Living the Scientific Life (Scientist, Interrupted)

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Mad Cow Disease, technically known as Bovine Spongiform Encephalopathy (BSE), is one of a group of transmissible diseases that destroy brain tissue, collectively known as Transmissible Spongiform Encephalopathies (TSEs). TSEs are an unknown agent(s) that act by damaging the structure of brain proteins known as “prions” (PREE ons). In turn, these damaged prion proteins damage other normal prions and together, they build up to collectively destroy tissue in the brain stem, causing cavities to develop in the victim’s brain so it resembles swiss cheese in mammals. This neurodegenerative disease rapidly leads to death for the victims, of course.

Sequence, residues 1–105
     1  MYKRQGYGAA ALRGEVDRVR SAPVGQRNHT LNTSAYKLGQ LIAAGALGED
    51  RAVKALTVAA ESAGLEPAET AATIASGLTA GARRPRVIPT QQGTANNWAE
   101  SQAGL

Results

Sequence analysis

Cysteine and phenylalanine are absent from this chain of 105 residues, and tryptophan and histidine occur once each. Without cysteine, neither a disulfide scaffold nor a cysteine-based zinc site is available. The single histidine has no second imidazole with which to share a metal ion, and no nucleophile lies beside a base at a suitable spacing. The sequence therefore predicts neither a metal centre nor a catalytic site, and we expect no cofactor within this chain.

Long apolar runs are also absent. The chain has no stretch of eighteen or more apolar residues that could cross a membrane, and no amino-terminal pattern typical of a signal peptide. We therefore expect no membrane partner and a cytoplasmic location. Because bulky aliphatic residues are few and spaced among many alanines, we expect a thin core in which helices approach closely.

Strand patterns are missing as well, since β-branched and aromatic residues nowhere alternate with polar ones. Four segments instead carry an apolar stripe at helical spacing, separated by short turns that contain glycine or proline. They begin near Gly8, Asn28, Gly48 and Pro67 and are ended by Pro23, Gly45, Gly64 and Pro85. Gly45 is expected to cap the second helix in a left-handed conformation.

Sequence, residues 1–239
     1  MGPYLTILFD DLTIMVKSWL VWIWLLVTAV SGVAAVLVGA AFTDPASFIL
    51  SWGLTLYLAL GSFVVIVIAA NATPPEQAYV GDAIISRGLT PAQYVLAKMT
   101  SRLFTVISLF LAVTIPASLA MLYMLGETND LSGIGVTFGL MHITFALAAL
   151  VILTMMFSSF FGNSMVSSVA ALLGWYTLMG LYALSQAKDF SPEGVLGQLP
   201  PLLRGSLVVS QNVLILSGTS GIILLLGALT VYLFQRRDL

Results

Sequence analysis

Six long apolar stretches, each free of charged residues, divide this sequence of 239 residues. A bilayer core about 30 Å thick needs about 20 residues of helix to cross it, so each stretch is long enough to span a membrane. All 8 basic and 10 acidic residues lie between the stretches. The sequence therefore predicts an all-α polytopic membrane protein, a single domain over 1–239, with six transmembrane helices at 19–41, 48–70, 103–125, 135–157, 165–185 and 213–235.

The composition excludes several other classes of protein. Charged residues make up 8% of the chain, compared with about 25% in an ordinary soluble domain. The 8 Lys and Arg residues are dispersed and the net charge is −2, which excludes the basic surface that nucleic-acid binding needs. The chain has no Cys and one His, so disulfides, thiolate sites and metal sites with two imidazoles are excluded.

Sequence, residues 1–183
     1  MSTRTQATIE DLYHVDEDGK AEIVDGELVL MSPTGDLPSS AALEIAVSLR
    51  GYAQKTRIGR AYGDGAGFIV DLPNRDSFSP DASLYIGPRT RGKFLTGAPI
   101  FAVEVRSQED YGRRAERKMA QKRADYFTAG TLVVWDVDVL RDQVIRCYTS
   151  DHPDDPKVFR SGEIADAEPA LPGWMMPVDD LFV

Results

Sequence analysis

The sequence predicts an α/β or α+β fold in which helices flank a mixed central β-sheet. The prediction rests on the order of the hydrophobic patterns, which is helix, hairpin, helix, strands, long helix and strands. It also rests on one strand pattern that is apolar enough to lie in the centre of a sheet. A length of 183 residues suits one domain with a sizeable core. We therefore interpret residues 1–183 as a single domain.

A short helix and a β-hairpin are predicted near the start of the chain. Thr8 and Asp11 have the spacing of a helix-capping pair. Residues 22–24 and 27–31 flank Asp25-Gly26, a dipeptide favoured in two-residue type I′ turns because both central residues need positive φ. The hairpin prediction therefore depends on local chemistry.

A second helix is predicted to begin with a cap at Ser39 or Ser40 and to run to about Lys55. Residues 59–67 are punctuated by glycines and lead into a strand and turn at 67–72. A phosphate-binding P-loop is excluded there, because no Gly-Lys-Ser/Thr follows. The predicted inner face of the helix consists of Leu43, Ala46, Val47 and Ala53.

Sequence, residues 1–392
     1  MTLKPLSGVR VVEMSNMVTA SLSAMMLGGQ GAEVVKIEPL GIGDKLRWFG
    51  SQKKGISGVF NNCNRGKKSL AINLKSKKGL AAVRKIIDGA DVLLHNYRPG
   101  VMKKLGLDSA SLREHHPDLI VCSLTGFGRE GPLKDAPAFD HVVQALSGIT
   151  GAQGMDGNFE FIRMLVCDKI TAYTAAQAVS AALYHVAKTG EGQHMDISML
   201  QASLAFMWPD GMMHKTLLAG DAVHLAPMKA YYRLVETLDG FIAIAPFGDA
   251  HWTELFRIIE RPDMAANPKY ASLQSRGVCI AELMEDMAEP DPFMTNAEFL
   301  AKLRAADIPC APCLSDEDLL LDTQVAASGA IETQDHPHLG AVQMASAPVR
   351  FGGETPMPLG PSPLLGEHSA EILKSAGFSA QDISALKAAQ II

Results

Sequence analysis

In humans, this disease has long been known as Creutzfeldt-Jakob Disease (CJD) in honor of the two medical scientists who first described it in the literature. But is the agent that causes BSE in cattle the same one that causes CJD in humans? What are TSEs; genetic diseases, infectious agents, or sporatic mutations? Where did the first TSE come from? These basic questions about the nature of TSEs have remained unanswered for decades — until today, that is.


Today, a paper was released by the open-access journal, PLoS Pathogens, that was written by two veterinary scientists, Jürgen A. Richt and S. Mark Hall, from the United States Department of Agriculture. These scientists show that a rare pathogenic mutation underlies BSE that is identical to CJD, and further, their study also supports the hypothesis that BSE originated from a previously undetected TSE from contaminated cattle feed in the UK.